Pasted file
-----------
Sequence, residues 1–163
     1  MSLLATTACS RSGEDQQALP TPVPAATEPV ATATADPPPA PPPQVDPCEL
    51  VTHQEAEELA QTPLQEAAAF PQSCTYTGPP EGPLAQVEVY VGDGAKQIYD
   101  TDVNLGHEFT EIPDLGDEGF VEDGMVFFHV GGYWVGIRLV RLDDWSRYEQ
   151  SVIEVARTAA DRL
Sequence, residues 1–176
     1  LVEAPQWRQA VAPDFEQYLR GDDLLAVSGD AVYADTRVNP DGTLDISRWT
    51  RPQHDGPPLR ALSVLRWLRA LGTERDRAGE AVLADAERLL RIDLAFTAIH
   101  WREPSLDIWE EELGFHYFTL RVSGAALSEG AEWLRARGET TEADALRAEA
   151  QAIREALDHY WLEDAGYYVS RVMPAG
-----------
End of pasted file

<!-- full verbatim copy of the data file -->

Sequence, residues 1–163
     1  MSLLATTACS RSGEDQQALP TPVPAATEPV ATATADPPPA PPPQVDPCEL
    51  VTHQEAEELA QTPLQEAAAF PQSCTYTGPP EGPLAQVEVY VGDGAKQIYD
   101  TDVNLGHEFT EIPDLGDEGF VEDGMVFFHV GGYWVGIRLV RLDDWSRYEQ
   151  SVIEVARTAA DRL
Sequence, residues 1–176
     1  LVEAPQWRQA VAPDFEQYLR GDDLLAVSGD AVYADTRVNP DGTLDISRWT
    51  RPQHDGPPLR ALSVLRWLRA LGTERDRAGE AVLADAERLL RIDLAFTAIH
   101  WREPSLDIWE EELGFHYFTL RVSGAALSEG AEWLRARGET TEADALRAEA
   151  QAIREALDHY WLEDAGYYVS RVMPAG